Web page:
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The Rev. Dr. Thomas Lane Butts The Rev. Dr. Thomas Lane Butts

The Rev. Dr. Thomas Lane Butts is minister emeritus of First United Methodist Church in Monroeville, AL.

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Dr. Thomas Lane Butts: On Divorce

April 21, 2009

Several weeks ago I was asked to offer some tips for divorce prevention to be presented at a local conference of dealing the problems associated with the local economy. You may not need this information, but perhaps you know someone who does. Here is a dozen of the "divorce prevention tips" given on that occasion.

Economic uncertainty, unemployment and fear about possible job-loss can, and often does, cause stress on marriages. If a marriage is already experiencing problems, the stress of a poor economy can push a marriage into deeper trouble. It can cause new and unexpected problems to surface. Under such circumstance there is danger that troubled married couples will jump to the conclusion that divorce is the best solution to complex problems. The idea that divorce will solve financial and relationship problems is an illusion. The result is usually more problems and more hurt to more people than you can imagine. With this in mind, consider these suggestions on divorce prevention.

(1) One of the primary causes of divorce is loss of communication or miscommunication between a couple. Silence in marriage is a deadly sound. Talk about your problems openly and honestly with your spouse. Hear each other out. This will at least save you from misunderstandings. No matter what the problem may be in your understanding of reality, tell your spouse what you think and how you feel. This should be done in a civil manner, without exaggerations and crude language.

(2) Do not have "heated" discussions in the presence of small children. One of the earliest fears of a child is the loss of one or both parents. Do not use your children as weapons in a verbal battle or marital war. You will live to regret it. They will be damaged and your cause will not be helped.

(3) If you have money problems, sit down TOGETHER and draw up a budget based on your total income and your necessary expenditures. Find adjustments upon which you both agree. Do not make large and/or undiscussed purchases. Beware of credit cards. Pay off your credit card debt FIRST. The compounding interest will eat you up. You would be wise to stop using credit cards altogether if you cannot pay them off each month.

(4) Do not use alcohol or other drugs to deaden the pain of your problems. It will not work. Use only prescription drugs and follow your doctor's orders strictly in using any drug.

(5) Jealousy and possessiveness are dangerous ways of relating. When parading behind religious language, and offered in the name of love, they become insidious tools of manipulation that can finally destroy a marriage relationship. If you have suspicions about the behavior of your husband or wife, i.e., if you think they are cheating on you, address the problem openly, directly and quickly. You could be mistaken, but if you are not, the matter should not be allowed to continue.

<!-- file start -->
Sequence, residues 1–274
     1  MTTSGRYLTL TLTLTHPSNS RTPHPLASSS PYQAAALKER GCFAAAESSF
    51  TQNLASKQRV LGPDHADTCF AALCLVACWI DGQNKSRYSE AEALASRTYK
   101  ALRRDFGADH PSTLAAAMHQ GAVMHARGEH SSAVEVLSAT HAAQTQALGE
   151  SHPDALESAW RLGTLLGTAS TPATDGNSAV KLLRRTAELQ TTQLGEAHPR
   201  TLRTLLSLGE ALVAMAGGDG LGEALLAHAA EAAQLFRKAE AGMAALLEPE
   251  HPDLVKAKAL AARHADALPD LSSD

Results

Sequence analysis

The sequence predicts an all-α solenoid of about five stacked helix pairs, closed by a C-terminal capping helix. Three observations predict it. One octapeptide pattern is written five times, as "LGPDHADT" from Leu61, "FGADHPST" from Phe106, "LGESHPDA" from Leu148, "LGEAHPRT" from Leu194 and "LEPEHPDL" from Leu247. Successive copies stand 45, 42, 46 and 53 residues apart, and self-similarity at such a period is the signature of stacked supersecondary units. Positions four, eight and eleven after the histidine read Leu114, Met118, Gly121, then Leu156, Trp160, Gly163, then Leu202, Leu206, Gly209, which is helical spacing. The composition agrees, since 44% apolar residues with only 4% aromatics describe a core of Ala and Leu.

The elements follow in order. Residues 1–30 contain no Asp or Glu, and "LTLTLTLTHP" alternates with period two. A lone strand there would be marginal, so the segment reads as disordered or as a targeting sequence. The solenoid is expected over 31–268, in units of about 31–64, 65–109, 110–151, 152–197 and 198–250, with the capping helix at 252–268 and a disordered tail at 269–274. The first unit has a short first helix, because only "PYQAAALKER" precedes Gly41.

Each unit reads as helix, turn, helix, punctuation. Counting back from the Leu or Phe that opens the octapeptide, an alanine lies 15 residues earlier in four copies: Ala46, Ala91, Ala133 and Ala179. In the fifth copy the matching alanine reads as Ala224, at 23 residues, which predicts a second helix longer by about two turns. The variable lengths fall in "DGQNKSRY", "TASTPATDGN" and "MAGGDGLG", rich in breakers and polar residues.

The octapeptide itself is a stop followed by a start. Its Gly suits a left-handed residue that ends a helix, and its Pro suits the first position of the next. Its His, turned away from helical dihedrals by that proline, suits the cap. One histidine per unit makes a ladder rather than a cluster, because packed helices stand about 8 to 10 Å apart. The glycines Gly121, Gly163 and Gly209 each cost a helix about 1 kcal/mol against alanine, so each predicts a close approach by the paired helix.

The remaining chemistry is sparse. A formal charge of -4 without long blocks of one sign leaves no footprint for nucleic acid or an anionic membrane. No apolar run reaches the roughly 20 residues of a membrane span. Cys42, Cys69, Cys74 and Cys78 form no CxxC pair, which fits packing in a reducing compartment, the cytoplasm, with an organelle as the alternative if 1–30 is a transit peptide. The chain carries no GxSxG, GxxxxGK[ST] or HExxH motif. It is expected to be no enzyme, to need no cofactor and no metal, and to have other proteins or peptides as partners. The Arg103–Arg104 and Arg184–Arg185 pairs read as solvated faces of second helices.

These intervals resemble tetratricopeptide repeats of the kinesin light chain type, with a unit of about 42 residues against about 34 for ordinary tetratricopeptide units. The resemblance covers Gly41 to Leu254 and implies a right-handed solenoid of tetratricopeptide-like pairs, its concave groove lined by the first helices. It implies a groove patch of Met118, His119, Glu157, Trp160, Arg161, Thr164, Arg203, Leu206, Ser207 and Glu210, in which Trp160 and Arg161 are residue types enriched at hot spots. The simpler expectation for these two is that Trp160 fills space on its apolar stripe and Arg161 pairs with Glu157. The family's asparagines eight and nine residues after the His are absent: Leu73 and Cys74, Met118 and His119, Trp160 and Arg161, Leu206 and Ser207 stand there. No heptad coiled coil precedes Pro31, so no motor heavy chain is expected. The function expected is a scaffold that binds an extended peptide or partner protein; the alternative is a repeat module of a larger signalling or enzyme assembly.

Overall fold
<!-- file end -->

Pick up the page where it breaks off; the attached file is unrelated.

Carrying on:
(6) If you are having marriage problems you cannot resolve between the two of you, get help from an objective outside person who by reason of training and experience in the field of marriage and family counseling can help you or refer you for professional help. This may be your pastor. At least this is a good place to start. Do not discuss your marriage problems with relatives and casual friends. (The exception to that is if you need quick help and protection in the case of abuse.) Their advice is not likely to be helpful. It could be hurtful. The best advice is often the advice you do not want to hear at first. Friends and relatives often fail to tell you what you do not want to hear. Also, putting them in the situation of having to "choose sides" is not loving them, but using them.

(7) Remember what you agreed to in your marriage vows, especially that part about: "for better or worse; richer or poorer; in sickness and in health; to love and to cherish until death do us part". That was a contract you signed on to in the presence of God and other witnesses. Breaking it will be costly in many ways.

(8) Remember the lasting damage that a divorce can do to children. It lasts a life-time. If you do not understand the full implication of that damage, visit me or your pastor and we will explain it to you. You really do not want to inflict a life-time wound on your children.

(9) Spouse and child abuse is absolutely unacceptable! Do not do it. Do not tolerate it. Physical abuse has legal consequences. Verbal and emotional abuse has serious moral consequences, and is often the prelude to physical abuse if it is tolerated. It you are in an abusive relationship, do not walk away - Run!

(10) Divorce is far more expensive than you ever thought possible. It will cost you in more ways than you can imagine, and leave you with regrets that will last a lifetime.

(11) If you are tempted to file for a divorce, ask your lawyer to show you the laundry list of bad things that will be said about your spouse in a divorce complaint. And remember that an equally ugly set of very bad things will be said about you in response.

(12) When you discuss problems with your spouse, fight fair. Do not use abusive accusations and language that you know to be untrue and which you may want to take back later in some possible reconciliation. Words CAN and DO wound. Sometimes these wounds never heal.

There is more, but this will give you something to consider for your own list.


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